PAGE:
The Brass Ring
This year, I took only Frodo to the USDAA Cynosport World Games. Solar is now injury free, but I did not feel ready to step to the line and run free with him at 26″, the height he qualified at. So, I figured that it would be a good opportunity to focus only on Frodo, who, at just over 2 years old, would need a lot of emotional support at his first National event.
I’m still not sure Frodo and I see eye to eye. I’m not sure anybody sees eye to eye with Frodo. He is such a sweet, sensitive soul, and so intelligent and in some ways so capable. In other ways, he is completely confused as to how his actions have anything to do with the consequences they bring, confused and worried about the world around him, the world under his feet.
That easy, instant bond that can come when snuggling a puppy that still has puppy breath – it never happened with Frodo and me. It seems strange to admit it, and I’m sure there are those who will think less of me for doing so, but I do not love him. I’m fond of Frodo. And increasingly, I have respect for Frodo. But I don’t feel particularly motherly for him. I feel a lot of guilt over this – my disappointment in myself for having difficulty being completely invested in little Frodo. But the harder I try to give my heart over to the endeavor, the more complicated things seem to get with Frodo. He seems to do best when I am least emotionally invested in what we are doing at any given moment. If I am going through the motions – going through the motions of being happy, sad, disappointed…without actually FEELING those emotions, he seems at his best. I really have no idea how to have a relationship with a dog that is not fierce, fiery, fabulous. Quiet, elegant, subtle…not sure those are my strong suits…yet.
I like grabbing on to a course and shaking it, like a tug toy, with my canine partner. It’s just who I am. I want the dog to tug with me, out there, on the course, metaphorically speaking. Poor Frodo, he sees that in me, and wants to go hide somewhere safe. And then the cycle continues – I try to reel myself in, and then I’m disappointed that I have to BE that way, and have difficulty then taking genuine pleasure in all the things that Frodo can do very nicely.
First world problems, to be sure.
Somehow, Frodo and I managed to be just one below the cutoff for Steeplechase Finals. A class that *Solar* has trouble getting in to the finals in. And to top THAT off, as luck would have it, Frodo was the last 26″ dog to squeak into the Grand Prix Finals. I walked away from Cynosport with Frodo knowing less about our relationship with one another than I did when we arrived, less about which self I need to present to him, be for him. I walked away feeling disappointed in myself for not being able to be my best me for Frodo.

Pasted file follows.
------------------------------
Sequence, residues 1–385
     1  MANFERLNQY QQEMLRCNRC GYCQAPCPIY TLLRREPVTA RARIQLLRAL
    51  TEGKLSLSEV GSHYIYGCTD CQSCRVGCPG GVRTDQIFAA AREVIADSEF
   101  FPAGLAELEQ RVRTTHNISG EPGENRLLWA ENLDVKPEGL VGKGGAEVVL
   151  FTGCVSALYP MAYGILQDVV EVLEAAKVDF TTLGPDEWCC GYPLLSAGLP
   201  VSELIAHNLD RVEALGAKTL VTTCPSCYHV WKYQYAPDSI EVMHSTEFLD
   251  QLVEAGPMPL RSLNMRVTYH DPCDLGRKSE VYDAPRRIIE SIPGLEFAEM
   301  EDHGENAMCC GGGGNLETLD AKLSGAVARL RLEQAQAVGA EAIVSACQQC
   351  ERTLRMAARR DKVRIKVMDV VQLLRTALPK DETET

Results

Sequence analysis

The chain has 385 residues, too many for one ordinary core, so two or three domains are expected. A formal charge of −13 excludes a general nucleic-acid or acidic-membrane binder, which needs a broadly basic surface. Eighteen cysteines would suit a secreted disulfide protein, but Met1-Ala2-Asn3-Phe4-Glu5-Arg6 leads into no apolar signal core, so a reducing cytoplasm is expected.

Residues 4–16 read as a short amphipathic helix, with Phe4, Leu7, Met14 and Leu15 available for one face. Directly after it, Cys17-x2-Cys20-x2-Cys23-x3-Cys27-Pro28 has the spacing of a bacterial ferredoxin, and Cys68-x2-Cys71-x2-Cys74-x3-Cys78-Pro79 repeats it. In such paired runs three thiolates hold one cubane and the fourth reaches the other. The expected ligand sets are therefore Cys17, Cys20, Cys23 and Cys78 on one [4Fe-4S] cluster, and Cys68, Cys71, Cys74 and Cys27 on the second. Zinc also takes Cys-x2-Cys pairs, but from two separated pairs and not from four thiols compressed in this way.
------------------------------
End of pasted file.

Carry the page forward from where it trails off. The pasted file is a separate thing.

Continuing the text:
I still have no idea who the real Frodo is, and I’m not sure he knows who, or WHAT, I am. Instead of being proud that my two year old dog, who is afraid of surfaces, heights, and all manner of unexpected things, who gets beat up by his housemates (although not as much now that he is neutered) made the finals, I walked away with a sense of confusion, bees buzzing in my ears. Who is Frodo? Who am I with Frodo? Who does Frodo need me to be? Being the ringbearer is a hard thing, I suppose. He certainly seems to behave as though he feels he has some heavy burdens to bear. Yeah, he’s just a dog. Get over it, stop anthropomorphizing. It’s a mechanical skill. Just execute it. Don’t overcomplicate it.
Going to Nationals with Frodo was like starting all over again. I’m glad I didn’t take Solar – I need to figure out who I need to be for Frodo to be his best, and certainly the issue is mine and not his. And so, we will try again next month at the US Open. Or rather, **I** will try again next month at the US Open. I was pretty sure what that brass ring was with Solar – I’m not so sure with Frodo, but I’m pretty sure it’s in a direction opposite to any path I’ve taken before.
The REAL brass ring for me, at Cynosport, the trophy I got to bring home, was a houseful of incredible house guests. It was a family reunion of sorts…and we got some not too awkward family photos out of the deal:
Two generations of full siblings. Juno, Solar, Wonder, Special, and Scopey are all full siblings. Chipper, a Solar son, and unnamed puppy, a full sibling.
Some great discussions, and some great times training and running courses, with Lori Michaels and Linda Mecklenburg. I was so happy to be able to feed everybody good oatmeal, give them beds to sleep in, an arena to play in, a UKI trial to compete at…
Back in 2004 when I first visited Linda Mecklenburg in Ohio for a camp, I was blown away by her property. It was clearly for the dogs. I was so proud to be able to bring her to MY property, to share the space – she’s never made a mortgage payment but in a very real way she set me on a path to be able to HAVE this space to share with others.
It felt like the coming around, full circle.
I’m not much for unicorns and rainbows – I’m action oriented, I’m much more pragmatic than warmfuzzy, more science and logic than intuition, but having Linda, and Lori, and Julie D, and Anna H here…it was DEFINITELY magical. The collective agility brainpower here this week was off the charts, for sure.
I’m very happy to say that not only have *I* benefitted from the company I kept this past week, but in the very near future, OTHERS will benefit as well, and I’m looking forward to that – to the business of helping others. Yes, agility is completely unnecessary – it’s not world peace, it’s not curing cancer, it’s a first world activity, that the privileged and elite (that’s you, if you’re an agility enthusiast reading this) in the world have the time and money to be able to afford to participate in. But even so, being good at something, and being able to help others be good at something, it’s fulfilling.